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DHHS outlines changes to state's mental health services

Posted January 7, 2011

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— Health and Human Services Secretary Lanier Cansler says changes to the state’s mental health care program will provide a better quality of services to patients and hold health care providers more accountable.

The state’s 2001 mental health care reform efforts resulted in hundreds of companies offering services and too much fraud and abuse that caused patients and consumers across the state to get lost in the system, Cansler told reporters at a news conference Friday morning.

The Critical Access Behavioral Health Agency, which became operational Jan. 1 , he says, will provide limits on who can provide some services to patients with mental health illnesses, developmental disabilities or substance abuse problems

It will also provide greater oversight to the programs and ensure the same levels of services and care exist across all providers.

“We want to provide fair compensation to good providers who work diligently to provide genuinely needed (mental health, developmental disability and substance abuse) services to people who need them,” Cansler said. “But we are also determined to prevent unscrupulous providers from cheating the system.”

The state so far has received more than 600 applications from companies wanting to be CABHA providers. Of those, 175 have been approved.

The new requirements also mean that some smaller providers likely won’t be able to make it through the system.

“It has been controversial because there are a number of small providers out there that won’t be able to jump through the hoops to be a CABHA,” Cansler said. “We realize that and regret that.”

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  • sanford1259 Jan 7, 2011

    The system is totally broken. The system before reform was not always great and sometimes served patients poorly; but there were abundant services for the chronically mentally ill, indigent, and the severely disorganized patients. Private for-profit companies cannot make money serving these populations so they are no longer served reliably, if they are served at all. As this trend continues DOC and the jails will become the largest provider of mental health services in the state.

  • snickers27588 Jan 7, 2011

    It's sad that ANYONE would belive this Bull. I have a 35 year old neighbor who is Bi-Polar as well as having several very serious physical disabilities yet the state, in it's infinite wisdom, keeps making the Dr's treating people like her "jump through hoops". The state seems to think it will save money by sending patients to a new Dr. every few months where very expensive repeat testing is done every time, which results in the exact same medications, instead of just sticking with what works. It's a shame the state is only making new positions and hiring unqualified personal friends instead of just hiring more criminals and mentaly impaired like the current administration.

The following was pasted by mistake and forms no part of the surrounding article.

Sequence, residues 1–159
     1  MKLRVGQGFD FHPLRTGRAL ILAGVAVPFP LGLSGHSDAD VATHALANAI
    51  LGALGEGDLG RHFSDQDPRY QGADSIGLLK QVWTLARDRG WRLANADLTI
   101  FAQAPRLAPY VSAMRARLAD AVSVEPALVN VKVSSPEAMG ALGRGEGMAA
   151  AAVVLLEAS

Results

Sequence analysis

• mulecitybabe Jan 7, 2011

    Any statement that starts with "Lanier Cansler said" is usually followed by the announcement of the next big future failure of DHHS to provide for the mentally ill as they should.

  • RB-1 Jan 7, 2011

    These changes should be being made immediately when gaps or failures are noted, not great big changes every once in a while once those gaps or failures are noted by media.

    pfffttt

  • rooster60 Jan 7, 2011

    Having a handicapped daughter who receives wonderful services at a great group home, I shudder to think what these new great and wonderful changes will be. Our mentally handicapped and mentally ill are usually the first ones to be hit with cuts in services. The worst thing this state did was to privatize services and greedy, unscrupulous people caused the fraud and abuse. Will be praying hard!

  • juliestoneham Jan 7, 2011

    Hmmm lets see, fewer providers, more control over services, more control over who really needs services... And fewer getting lost in the system? I'm confused...This will be better, right?

  • u stand corrected Jan 7, 2011

    Help our mentally ill. They suffer.

  • gvmntcheese Jan 7, 2011

    Regret does not pay the bills or help those in need, Cansler. Why is the whole state being punished for a system that was KNOWINGLY flawed to begin with? Citizens, this is just another example of the state and BIG business monopolizing your tax dollars. To make matters worse, those in need are the ones who will suffer. Shame on you NC!